We are all exposed to media images. We can reduce our exposure, but we can’t eliminate it. We can’t pretend we don’t see physical differences, either. But, it would be folly to go about pretending we feel good and healthy about ourselves always trying to look a certain way. I have, at times, gotten to the point where I am scrutinizing myself in the mirror at close range, noticing all my supposed flaws – wrinkles, sun spots, sagging this, too small that. That is obsession, and it isn’t useful.

Where is the Middle Way in this? Well, there are a few pointers for finding it. First, limit your negative media exposure. Second, look at your whole person in the mirror ever so often and find all the good things your body does for you – “whole person” and “ever so often” are key. Acknowledge that you find certain people more attractive or less attractive, but don’t focus too much on it. The people you meet are more important to you for who they are, not how they look. As for clothes, wear the stuff that makes you feel good and comfortable – colors you like, soft fabrics, but don’t obsess over picking out just the right thing or how you look all day. Focus on being present in the things you do.

This applies differently to each person’s life. Everyone has different negative tendencies to overcome. But, I wanted to offer this because I’ve found looking for the Middle Way in a lot of things in life that bother me has put them in a comfortable perspective. Perhaps it will help you with a few things, too.

Back on my Meds

I tried to come up with a clever title for this one, but I ended up with bald statement of fact: I am back on my antidepressant. My ob/gyn prescribed sertraline (generic Zoloft) a couple of years ago when I was diagnosed with PMDD (pre-menstrual dysphoric disorder.) I was experiencing a number of symptoms, both physical and mental, but the overriding one was soul-crushing sadness that came over me like a shroud every month, ten days before my period started and miraculously lifted  with the first drop of blood.

I was elated at first, to have the medication. I had tried a lot of stuff – changing my diet, various supplements, yoga – nothing helped. The medication lifted the fog of depression, and I was thrilled to finally be free of it. But, as time went on, and my initial excitement over not being morosely depressed waned, I started to notice the side effects. I was tired a lot. Sertraline added to the fatigue caused by PMDD to the point where I’d fall asleep while my five year old was telling me about his day at preschool in the afternoon. With the sadness lifted, I had managed to develop some other coping mechanisms – more sleep, less caffeine, meditation – and I thought maybe I could make it without the antidepressant and get rid of being so tired.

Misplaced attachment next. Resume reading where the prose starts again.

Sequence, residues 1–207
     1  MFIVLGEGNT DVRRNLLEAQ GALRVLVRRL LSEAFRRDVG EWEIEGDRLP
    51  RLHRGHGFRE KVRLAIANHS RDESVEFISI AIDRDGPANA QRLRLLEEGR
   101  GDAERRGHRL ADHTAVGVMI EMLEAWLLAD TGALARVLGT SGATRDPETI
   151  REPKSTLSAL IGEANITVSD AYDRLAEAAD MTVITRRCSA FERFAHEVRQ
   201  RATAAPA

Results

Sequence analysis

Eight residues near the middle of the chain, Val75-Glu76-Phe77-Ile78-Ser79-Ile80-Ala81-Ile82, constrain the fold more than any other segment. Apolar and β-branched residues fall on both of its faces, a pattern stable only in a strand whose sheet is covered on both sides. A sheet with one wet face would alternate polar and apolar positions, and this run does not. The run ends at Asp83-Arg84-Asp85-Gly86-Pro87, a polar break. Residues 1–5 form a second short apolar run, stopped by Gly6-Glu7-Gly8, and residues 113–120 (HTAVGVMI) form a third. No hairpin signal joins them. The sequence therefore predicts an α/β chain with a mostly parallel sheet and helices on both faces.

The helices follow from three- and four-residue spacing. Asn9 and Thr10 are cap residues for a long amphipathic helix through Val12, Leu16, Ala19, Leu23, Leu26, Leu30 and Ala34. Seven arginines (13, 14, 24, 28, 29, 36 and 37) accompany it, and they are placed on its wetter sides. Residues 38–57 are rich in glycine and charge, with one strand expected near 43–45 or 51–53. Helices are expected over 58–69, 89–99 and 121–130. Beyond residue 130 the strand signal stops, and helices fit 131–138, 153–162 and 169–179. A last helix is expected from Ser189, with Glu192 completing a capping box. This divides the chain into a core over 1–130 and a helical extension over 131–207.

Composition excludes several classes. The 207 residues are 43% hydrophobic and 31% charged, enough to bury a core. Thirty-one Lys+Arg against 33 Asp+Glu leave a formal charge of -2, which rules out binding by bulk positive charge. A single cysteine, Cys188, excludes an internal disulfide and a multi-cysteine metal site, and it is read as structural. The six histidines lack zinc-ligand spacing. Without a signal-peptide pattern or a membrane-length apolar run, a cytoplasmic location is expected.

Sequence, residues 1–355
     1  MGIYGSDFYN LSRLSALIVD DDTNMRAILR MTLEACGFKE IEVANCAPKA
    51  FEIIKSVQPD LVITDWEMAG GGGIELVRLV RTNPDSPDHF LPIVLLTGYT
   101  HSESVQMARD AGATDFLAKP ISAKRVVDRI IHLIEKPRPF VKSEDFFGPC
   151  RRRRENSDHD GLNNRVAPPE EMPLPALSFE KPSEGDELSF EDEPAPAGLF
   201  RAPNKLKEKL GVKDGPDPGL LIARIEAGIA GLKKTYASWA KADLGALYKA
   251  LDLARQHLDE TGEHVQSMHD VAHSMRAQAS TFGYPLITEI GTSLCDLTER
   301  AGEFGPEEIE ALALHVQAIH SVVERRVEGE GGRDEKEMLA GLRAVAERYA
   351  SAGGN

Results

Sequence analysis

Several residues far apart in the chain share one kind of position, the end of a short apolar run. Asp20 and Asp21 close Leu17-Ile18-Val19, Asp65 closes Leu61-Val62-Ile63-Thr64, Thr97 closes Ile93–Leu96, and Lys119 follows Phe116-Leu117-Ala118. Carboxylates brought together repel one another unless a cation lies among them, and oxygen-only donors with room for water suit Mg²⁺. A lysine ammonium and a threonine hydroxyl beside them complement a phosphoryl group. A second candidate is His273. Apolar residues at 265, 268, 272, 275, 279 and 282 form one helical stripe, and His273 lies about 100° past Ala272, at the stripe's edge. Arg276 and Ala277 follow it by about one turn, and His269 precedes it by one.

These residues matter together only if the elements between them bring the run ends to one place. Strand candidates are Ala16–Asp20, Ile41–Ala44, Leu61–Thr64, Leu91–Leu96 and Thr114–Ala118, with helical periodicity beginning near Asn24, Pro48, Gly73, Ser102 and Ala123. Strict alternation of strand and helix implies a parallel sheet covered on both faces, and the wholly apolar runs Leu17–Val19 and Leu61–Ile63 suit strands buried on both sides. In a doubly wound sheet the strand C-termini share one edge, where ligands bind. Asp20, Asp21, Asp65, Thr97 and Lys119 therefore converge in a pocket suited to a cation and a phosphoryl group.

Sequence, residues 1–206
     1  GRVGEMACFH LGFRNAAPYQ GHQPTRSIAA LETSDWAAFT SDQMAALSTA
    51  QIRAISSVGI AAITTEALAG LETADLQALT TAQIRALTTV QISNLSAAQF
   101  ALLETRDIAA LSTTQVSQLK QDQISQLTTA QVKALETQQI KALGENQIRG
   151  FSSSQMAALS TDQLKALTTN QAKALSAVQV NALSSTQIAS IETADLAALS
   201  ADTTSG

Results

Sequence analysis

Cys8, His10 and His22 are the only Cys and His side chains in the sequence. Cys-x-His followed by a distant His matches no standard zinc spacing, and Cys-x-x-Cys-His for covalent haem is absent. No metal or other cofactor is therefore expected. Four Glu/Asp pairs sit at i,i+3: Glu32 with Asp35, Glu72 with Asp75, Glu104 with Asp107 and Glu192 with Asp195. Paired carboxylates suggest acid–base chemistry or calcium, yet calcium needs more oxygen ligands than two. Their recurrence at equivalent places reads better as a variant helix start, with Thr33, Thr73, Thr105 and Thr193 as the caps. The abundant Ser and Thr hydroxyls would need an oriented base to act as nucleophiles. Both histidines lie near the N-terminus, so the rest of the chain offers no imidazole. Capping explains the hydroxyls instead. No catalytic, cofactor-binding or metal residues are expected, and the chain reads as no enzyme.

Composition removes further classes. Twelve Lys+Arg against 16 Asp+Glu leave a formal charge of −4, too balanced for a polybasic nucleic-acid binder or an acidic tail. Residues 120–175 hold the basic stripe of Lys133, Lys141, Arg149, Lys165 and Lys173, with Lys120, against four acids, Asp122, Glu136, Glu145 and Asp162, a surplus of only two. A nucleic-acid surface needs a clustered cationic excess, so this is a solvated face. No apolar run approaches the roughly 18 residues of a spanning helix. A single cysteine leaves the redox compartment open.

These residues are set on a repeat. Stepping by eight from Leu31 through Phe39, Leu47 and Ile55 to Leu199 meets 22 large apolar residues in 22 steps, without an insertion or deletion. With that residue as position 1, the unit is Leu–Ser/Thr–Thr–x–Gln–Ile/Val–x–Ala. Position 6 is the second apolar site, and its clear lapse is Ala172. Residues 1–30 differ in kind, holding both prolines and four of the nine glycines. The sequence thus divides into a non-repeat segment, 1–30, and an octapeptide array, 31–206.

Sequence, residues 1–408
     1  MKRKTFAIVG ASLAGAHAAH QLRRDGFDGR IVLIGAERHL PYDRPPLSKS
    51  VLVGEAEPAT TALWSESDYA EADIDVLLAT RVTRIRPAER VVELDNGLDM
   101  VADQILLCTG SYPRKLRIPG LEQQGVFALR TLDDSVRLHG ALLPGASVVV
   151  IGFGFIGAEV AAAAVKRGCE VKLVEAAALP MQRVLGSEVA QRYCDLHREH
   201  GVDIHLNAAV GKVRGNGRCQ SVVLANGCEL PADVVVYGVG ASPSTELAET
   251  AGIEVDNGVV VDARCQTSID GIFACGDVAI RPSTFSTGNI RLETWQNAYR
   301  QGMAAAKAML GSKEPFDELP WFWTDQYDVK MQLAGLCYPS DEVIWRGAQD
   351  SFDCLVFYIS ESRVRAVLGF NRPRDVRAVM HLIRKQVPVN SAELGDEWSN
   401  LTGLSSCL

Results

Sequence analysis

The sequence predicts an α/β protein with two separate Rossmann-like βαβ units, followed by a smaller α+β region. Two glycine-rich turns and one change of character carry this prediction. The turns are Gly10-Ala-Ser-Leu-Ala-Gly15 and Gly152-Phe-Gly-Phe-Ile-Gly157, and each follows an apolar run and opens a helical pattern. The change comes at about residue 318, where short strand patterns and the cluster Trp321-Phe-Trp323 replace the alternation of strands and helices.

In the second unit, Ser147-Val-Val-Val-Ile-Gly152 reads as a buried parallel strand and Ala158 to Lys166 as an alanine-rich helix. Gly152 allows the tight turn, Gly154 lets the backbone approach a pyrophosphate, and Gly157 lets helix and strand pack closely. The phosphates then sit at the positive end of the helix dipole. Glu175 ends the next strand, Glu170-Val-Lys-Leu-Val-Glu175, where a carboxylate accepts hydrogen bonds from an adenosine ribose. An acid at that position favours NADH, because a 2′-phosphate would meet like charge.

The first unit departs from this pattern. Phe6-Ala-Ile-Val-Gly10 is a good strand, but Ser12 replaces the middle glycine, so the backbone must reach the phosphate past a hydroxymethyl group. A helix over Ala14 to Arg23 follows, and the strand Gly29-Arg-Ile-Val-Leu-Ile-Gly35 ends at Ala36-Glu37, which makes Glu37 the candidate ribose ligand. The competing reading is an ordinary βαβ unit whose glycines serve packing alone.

So, I quit. At first, I was fine. I got irritable during the last half of my cycle, but I felt it was manageable. Then, one day after being off the medication for about four months, it came back. It was a Tuesday. I spent the entire morning trying not to cry. The sadness overcame me, crushing me like a boulder. I went upstairs, and, without any qualms, fished my bottle of sertraline out of the back of the bathroom cabinet and took one.

After a few days, the sadness abated. And something else happened. Jason seemed like he was in a much better mood, too, and so did the kids. During a heart-to-heart with Jason, he told me it was nice to not have me bitching at them all the time again. I hadn’t even realized. I thought I had kept a lid on my irritability, but my family had known. I had been suffering, and so had they.

The lesson: this is what I need for now. Even if I can function without meds, it’s not worth the impact it has on my loved ones to do without them. I may be a little sleepy here and there, so I’m learning to take naps, which is way better than making my family walk on eggshells, because I can’t stand any noise above a whisper ten days out of the month. Medication isn’t the only answer, or even the first one, but it’s a valid path and choice for many people who suffer from mental/emotional illness, and it is no more a matter of integrity than taking medication for a headache or cancer. If you’ve ever suffered from depression, you know you can’t just buck-up and choose to feel better any more than you can if you have the flu. My goal here is destigmatization of mental illness and antidepressants. It shouldn’t be something we have to hide, for fear of being seen as weak. Admitting I needed it was one of the hardest things I’ve ever done.